“These developments are in different stages of commercialization and are discussed as needed with target customers in the different segments.”
Lonza launched Proxel Spektra Antimicrobial, an MIT free in-can preservative, per Bailey.
“Troy has expanded its MIT-free and MIT-compliant Mergal wet-state portfolio in Europe and has introduced a number of new Polyphase and Troysan controlled release products throughout the world that are specifically formulated for the unique challenges faced in different regions,” Colon said.
“To address the need for exterior coatings protection against severe algal as well as fungal growth, Troy developed advanced Polyphase 763CR, an innovative controlled release dry-film preservative for the U.S. paint market. Polyphase 763CR is designed to enable manufacturers to provide high-quality protection of their end products regardless of the region of the country in which they are used and the environmental and microbial conditions encountered,” he continued.
“Polyphase 763CR is a broad-spectrum water-based product that is effective against a wide variety of fungal and algal organisms,” Colon added. “The introduction of Polyphase 763CR is especially valuable in regions subject to high levels of rainfall and humidity, due to its excellent leaching resistance. Polyphase 763CR is compatible in a wide range of systems and is ideal for use over wood, HardieBoard, stucco, EIFS and other common substrates.”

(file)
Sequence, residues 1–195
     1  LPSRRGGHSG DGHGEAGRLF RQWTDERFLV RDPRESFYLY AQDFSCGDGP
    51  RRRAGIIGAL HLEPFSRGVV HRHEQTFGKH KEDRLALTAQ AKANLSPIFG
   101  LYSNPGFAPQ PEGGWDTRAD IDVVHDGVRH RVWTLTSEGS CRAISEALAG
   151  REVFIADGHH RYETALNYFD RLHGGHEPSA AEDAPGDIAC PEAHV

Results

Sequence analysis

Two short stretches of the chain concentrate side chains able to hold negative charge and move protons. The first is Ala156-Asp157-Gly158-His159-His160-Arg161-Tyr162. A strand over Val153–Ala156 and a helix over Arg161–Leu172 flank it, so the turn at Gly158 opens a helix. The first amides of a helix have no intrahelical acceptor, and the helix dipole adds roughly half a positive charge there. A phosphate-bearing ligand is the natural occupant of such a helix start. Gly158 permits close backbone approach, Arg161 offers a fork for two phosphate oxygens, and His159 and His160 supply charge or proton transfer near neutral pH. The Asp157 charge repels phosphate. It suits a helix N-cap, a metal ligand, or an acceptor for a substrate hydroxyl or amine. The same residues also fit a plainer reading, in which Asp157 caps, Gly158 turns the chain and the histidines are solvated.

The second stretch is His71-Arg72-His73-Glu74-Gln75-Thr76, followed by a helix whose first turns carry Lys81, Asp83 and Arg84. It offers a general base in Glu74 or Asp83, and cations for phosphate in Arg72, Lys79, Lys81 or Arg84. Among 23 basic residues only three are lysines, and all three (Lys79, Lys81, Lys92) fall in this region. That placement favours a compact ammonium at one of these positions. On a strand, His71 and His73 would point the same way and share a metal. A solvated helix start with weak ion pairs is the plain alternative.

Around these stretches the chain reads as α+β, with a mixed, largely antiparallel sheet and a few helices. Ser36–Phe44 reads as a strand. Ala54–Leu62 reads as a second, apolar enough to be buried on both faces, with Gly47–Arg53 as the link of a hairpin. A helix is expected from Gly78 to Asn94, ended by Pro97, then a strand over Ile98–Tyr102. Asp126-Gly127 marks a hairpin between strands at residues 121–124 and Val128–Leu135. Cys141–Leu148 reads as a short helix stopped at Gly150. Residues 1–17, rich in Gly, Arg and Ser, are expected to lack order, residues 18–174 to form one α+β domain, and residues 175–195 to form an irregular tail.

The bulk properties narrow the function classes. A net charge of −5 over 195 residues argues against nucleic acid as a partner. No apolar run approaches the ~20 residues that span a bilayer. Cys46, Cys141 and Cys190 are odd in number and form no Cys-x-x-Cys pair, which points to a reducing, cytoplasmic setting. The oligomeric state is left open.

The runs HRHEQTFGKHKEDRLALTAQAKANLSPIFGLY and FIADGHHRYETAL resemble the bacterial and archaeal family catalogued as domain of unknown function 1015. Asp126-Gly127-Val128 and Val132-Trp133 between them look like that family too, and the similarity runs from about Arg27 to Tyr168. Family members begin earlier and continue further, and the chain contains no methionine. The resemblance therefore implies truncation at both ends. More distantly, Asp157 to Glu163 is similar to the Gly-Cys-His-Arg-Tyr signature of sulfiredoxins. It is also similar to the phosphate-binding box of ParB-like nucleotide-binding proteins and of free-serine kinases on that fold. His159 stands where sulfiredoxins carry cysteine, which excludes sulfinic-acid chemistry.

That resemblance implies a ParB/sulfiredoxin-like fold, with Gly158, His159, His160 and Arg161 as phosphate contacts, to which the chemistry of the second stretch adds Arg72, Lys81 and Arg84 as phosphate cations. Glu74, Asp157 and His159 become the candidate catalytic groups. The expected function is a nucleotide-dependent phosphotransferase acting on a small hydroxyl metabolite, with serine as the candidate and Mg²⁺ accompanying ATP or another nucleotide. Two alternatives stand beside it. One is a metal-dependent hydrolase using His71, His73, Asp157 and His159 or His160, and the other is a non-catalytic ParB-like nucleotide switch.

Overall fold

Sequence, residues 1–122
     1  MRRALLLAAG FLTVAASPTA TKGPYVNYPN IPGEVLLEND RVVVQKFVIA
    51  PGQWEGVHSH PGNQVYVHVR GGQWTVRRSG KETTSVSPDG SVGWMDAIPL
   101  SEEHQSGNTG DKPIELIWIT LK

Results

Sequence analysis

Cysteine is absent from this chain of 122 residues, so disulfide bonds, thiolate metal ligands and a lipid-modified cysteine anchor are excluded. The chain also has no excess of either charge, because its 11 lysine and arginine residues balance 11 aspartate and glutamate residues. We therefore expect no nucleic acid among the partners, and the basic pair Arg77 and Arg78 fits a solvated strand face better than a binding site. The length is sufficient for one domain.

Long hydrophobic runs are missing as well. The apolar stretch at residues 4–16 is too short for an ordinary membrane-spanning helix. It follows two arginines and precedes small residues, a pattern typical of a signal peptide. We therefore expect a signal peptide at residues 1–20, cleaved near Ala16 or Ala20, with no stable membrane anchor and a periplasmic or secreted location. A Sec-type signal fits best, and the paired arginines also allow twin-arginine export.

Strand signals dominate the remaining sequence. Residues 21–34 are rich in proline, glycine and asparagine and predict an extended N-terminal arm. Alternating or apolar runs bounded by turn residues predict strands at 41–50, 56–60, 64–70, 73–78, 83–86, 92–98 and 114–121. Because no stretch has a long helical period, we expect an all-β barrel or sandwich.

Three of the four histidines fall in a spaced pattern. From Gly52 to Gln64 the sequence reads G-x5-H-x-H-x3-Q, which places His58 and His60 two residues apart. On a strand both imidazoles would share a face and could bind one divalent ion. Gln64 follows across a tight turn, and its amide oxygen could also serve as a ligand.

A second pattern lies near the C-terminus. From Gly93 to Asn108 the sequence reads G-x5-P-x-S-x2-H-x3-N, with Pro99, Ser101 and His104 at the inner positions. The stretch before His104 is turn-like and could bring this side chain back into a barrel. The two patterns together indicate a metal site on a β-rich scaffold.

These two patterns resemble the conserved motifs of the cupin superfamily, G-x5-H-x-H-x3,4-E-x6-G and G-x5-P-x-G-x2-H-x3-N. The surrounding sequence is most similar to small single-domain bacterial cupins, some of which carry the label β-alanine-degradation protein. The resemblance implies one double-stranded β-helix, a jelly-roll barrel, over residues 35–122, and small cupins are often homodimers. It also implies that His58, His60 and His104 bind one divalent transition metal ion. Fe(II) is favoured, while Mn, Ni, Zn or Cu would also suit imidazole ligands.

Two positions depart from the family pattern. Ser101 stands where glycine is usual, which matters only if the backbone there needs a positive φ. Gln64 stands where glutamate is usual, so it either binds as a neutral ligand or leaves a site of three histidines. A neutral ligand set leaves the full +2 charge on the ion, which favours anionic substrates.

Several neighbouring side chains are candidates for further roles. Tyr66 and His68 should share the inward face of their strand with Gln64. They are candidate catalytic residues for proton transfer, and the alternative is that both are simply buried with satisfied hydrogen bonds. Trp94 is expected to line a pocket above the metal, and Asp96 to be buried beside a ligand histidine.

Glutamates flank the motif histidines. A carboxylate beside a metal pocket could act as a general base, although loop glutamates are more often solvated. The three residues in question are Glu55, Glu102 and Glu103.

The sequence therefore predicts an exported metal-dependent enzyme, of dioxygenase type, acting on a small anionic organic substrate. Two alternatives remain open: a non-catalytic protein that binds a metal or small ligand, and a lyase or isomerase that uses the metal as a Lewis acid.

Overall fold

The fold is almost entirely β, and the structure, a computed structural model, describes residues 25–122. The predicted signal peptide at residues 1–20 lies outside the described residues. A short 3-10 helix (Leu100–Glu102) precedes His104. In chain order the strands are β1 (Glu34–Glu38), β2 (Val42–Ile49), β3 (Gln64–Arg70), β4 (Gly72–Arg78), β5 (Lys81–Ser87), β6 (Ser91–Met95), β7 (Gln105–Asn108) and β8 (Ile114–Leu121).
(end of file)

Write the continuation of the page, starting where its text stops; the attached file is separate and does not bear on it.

The classification of biocides in the Biocidal Products Regulation (EU) 528/2012)(BPR) is broken down into 22 product types (i.e. application categories), with several comprising multiple subgroups:
MAIN GROUP 1: Disinfectants and general biocidal products
Product-type 1: Human hygiene biocidal products
Product-type 2: Private area and public health area disinfectants and other biocidal products
Product-type 3: Veterinary hygiene biocidal products
Product-type 4: Food and feed area disinfectants
Product-type 5: Drinking water disinfectants
MAIN GROUP 2: Preservatives
Product-type 6: In-can preservatives
Product-type 7: Film preservatives
Product-type 8: Wood preservatives
Product-type 9: Fibre, leather, rubber and polymerised materials preservatives
Product-type 10: Masonry preservatives
Product-type 11: Preservatives for liquid-cooling and processing systems
Product-type 12: Slimicides
Product-type 13: Metalworking-fluid preservatives
MAIN GROUP 3: Pest control
Product-type 14: Rodenticides
Product-type 15: Avicides
Product-type 16: Molluscicides
Product-type 17: Piscicides
Product-type 18: Insecticides, acaricides and products to control other arthropods
Product-type 19: Repellents and attractants
Product-type 20: Control of other vertebrates
MAIN GROUP 4: Other biocidal products
Product-type 21: Antifouling products
Product-type 22: Embalming and taxidermist fluids